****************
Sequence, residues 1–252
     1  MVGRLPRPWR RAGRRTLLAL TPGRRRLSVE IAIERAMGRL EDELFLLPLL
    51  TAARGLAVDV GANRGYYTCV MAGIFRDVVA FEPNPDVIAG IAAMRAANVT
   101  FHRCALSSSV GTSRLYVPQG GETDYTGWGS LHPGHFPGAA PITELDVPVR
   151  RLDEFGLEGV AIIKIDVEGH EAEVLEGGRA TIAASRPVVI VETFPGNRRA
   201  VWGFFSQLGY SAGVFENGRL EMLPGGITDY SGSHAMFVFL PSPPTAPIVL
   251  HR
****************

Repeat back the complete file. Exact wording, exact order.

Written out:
Sequence, residues 1–252
     1  MVGRLPRPWR RAGRRTLLAL TPGRRRLSVE IAIERAMGRL EDELFLLPLL
    51  TAARGLAVDV GANRGYYTCV MAGIFRDVVA FEPNPDVIAG IAAMRAANVT
   101  FHRCALSSSV GTSRLYVPQG GETDYTGWGS LHPGHFPGAA PITELDVPVR
   151  RLDEFGLEGV AIIKIDVEGH EAEVLEGGRA TIAASRPVVI VETFPGNRRA
   201  VWGFFSQLGY SAGVFENGRL EMLPGGITDY SGSHAMFVFL PSPPTAPIVL
   251  HR